You Gotta Love Lizz
By Mary Anne Welch
Lizz Winstead answers her
door with the kind of urgent hello that has you imagining her gourmet
dinner is boiling over on the stove; "Come in," she says, smiling,
already nearly halfway into another room. Then, catching herself, she
returns with an even more welcoming smile, "How are you, come on in."
Again, she's headed into another room.
Amidst a whirlwind, you've been catered to graciously, given
something to eat or drink, and begin feel you could stay the week if
you needed a place.
Very little seems changed in this young woman who left the Twin
Cities two years ago in a move to Los Angeles. She's still slight
with curly dark hair, wears a ubiquitous bold smile, asks how your
family is as though your mom made her cookies as a kid and the next
moment, turns a comic phrase faster than a Veg o Matic peels beets.
Despite appearances, things have changed for Winstead, who is
currently in town to headline a show at the Comedy Gallery Aug. 23
27. In the past six months she's been featured on Showtime's Comedy
Club Network, won a nomination of Best Female Comic of the Year, and
had three callbacks to audition for a part a new NBC sitcom.
She also says her life is boring.
But behind a comment that could sound pretentious lies genuine
reasoning. As much as Winstead loves entertaining, she loves
Minneapolis, and never really wanted to leave it. Back in '87, as she
packed for the move, she was vocally opposed to going. It wasn't a
resistance that suggested she booked the flight at gunpoint. She just
wasn't quite resigned to the fact that a serious career in stand up
comedy meant trying her luck in the city of stars.
Now, she's paid "three times as much as a teacher to tell dick
jokes to drunks." But she also says that's kind of embarrassing, and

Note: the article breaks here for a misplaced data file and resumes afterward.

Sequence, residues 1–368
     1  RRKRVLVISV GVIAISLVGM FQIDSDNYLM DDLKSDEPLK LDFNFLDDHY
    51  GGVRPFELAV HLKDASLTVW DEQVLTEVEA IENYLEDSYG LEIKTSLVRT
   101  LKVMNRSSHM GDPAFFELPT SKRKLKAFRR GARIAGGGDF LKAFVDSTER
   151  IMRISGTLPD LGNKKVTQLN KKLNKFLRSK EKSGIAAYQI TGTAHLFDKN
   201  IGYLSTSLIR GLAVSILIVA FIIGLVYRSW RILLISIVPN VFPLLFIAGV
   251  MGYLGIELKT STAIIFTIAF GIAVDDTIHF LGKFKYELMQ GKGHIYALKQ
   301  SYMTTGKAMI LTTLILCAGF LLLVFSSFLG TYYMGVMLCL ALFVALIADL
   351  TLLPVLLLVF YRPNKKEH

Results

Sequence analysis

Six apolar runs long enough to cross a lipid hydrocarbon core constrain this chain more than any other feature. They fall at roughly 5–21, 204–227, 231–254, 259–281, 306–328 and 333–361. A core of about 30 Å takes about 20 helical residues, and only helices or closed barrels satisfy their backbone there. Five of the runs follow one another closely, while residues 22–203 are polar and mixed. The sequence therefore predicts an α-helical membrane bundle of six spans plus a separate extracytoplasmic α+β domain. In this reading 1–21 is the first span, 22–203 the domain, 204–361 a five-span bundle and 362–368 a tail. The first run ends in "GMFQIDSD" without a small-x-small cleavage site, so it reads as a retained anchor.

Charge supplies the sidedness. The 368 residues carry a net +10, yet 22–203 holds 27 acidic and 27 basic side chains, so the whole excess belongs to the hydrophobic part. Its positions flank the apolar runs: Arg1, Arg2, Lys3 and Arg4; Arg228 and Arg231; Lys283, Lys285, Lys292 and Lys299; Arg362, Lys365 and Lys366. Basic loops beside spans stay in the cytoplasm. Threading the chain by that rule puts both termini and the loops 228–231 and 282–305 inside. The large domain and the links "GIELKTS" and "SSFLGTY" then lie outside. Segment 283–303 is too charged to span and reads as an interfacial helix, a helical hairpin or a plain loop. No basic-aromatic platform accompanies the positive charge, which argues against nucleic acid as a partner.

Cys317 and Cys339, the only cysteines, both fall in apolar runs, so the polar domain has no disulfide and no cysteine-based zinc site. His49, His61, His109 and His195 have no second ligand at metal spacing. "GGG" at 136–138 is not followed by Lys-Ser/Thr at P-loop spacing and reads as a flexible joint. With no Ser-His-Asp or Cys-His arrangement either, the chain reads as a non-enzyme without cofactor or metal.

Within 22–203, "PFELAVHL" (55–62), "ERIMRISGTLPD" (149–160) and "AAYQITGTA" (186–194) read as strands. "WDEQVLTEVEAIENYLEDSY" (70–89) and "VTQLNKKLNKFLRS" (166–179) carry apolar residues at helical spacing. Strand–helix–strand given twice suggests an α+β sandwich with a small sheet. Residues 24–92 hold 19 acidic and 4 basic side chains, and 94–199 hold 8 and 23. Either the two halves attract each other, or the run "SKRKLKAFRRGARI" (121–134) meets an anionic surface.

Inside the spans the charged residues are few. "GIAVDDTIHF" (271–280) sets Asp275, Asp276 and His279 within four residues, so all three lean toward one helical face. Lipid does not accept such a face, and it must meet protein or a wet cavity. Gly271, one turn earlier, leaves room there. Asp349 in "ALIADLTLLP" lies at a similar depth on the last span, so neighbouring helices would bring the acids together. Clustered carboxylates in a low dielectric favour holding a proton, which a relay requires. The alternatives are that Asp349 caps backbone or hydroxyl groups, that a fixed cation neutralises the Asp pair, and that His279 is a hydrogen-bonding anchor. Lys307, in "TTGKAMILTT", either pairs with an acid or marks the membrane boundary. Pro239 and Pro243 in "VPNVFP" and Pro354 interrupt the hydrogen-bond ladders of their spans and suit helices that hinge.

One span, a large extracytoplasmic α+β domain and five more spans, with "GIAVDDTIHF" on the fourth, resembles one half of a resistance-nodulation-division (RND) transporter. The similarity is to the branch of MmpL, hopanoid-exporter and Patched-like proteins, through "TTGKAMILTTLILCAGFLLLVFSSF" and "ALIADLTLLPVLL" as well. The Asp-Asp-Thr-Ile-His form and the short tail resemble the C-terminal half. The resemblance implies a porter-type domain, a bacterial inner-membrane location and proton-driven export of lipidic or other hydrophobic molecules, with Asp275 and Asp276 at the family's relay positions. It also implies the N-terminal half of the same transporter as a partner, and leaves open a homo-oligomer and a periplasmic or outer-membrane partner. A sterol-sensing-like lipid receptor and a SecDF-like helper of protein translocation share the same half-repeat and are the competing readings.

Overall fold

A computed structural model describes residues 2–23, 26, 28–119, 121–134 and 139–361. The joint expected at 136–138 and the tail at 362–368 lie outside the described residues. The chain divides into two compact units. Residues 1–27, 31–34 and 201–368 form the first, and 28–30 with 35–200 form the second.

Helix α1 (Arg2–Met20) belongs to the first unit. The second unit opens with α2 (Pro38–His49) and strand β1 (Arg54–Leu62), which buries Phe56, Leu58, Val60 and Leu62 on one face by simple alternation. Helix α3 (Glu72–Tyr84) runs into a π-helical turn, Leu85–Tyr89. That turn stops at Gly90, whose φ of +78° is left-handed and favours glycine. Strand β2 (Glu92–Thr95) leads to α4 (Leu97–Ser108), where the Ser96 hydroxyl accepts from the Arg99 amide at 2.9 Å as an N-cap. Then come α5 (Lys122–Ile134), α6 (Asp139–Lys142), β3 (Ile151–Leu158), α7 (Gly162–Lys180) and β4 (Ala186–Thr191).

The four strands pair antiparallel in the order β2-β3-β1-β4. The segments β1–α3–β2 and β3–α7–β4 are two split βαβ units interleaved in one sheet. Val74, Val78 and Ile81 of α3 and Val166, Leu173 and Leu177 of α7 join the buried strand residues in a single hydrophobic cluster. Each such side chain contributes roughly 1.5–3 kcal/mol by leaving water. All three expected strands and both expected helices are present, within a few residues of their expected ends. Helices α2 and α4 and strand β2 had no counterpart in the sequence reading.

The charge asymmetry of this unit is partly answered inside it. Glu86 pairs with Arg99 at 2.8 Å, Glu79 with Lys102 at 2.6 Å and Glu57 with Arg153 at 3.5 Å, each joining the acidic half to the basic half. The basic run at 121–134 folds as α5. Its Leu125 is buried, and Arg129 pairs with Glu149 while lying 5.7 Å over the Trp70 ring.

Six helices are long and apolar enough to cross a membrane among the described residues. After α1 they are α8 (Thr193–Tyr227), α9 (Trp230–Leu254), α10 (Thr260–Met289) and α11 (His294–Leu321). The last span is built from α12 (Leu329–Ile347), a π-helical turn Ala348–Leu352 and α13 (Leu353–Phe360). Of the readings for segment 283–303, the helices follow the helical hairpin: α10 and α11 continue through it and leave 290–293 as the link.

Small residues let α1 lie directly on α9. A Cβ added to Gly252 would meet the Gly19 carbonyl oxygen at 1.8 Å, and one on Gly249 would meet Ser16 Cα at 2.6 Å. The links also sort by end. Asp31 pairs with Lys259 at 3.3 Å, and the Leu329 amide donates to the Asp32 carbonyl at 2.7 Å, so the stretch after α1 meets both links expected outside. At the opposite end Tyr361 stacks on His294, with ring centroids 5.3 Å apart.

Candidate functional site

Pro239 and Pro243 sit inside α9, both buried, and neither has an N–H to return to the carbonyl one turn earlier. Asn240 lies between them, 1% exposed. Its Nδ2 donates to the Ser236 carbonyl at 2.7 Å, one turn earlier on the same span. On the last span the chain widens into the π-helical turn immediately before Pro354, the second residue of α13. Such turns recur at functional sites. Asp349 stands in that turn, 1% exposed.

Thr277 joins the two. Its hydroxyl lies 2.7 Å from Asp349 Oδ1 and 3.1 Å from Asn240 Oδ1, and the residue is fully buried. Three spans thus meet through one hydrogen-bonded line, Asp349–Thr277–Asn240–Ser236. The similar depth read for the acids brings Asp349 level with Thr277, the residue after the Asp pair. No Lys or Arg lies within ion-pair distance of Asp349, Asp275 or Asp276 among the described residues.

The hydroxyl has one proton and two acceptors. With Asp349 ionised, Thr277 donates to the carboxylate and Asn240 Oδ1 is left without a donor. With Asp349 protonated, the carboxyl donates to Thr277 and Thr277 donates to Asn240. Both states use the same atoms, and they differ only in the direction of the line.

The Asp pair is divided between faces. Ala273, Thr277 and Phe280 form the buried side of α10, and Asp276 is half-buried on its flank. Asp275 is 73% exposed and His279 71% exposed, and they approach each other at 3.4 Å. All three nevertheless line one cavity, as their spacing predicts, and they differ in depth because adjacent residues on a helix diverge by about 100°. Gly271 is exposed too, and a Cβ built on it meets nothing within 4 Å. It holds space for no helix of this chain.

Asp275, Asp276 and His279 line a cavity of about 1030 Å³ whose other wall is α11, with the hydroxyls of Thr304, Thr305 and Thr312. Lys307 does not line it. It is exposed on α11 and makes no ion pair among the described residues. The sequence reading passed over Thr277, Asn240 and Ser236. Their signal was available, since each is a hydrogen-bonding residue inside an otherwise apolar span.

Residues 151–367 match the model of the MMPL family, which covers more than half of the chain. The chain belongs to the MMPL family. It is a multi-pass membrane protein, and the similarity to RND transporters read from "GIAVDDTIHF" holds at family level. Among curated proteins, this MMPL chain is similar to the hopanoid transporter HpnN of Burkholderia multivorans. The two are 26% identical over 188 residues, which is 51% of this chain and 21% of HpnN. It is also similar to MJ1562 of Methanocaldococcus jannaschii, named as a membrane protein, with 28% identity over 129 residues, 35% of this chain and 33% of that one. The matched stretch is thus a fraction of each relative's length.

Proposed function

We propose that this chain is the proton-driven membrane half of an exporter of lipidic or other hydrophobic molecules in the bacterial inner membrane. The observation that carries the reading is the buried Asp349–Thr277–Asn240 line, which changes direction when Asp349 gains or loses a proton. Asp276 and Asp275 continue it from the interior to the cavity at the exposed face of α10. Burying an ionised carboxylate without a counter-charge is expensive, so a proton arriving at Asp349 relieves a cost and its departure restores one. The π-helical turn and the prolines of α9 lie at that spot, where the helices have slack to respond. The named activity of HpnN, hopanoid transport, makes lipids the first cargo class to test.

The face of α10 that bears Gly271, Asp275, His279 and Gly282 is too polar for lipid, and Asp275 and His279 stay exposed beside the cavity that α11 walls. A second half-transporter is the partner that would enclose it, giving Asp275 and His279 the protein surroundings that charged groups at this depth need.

feels responsible to use the money wisely. "I figure if you're gonna
(tell the jokes), then you have do something else," she adds.
Winstead is planning a national benefit tour in October for pro
choice organizations, a show that includes performing here at the
Theater Garage. "I think the threat (of illegalizing abortion) is
scary," Winstead says, her temper clearly starting to boil. "...If
you have sex for the sake of having sex because it's an enjoyable
thing then you automatically put yourself into the pro choice
category. It doesn't matter how you feel about it, abortion has to be
safe. I can tell you right now women are going to mentally freak out
(if abortion is illegalized), they're not going to be sexually open
and relationships are going to get fucked up.... I don't know if men
realize the ball of wax they're rolling."
Most of Winstead's talk relates to politics, Christmas, dogs, and
old friends, just about anything not related to comedy. You'd think
she moved to California yesterday to hear her stories. Within the
first few breaths of her greeting, she'll tell she hates L.A..
"There's idiots out there: people who don't have a clue about
anything except they just want to be famous. They'd be on "Divorce
Court" if it meant being on television... ...If you develop the
acting thing before you develop other parts of your life it's really
Still, somewhere in this woman is an ambitious streak that could
keep three careers alive. She likes to be in the center of action,
and that desire will probably keep her fueled for sometime. If you
ask her, she'll admit to it. "Certainly, I do stand up because I have
to...I can't afford therapy."
Copyright 1989 Minnesota Daily Online
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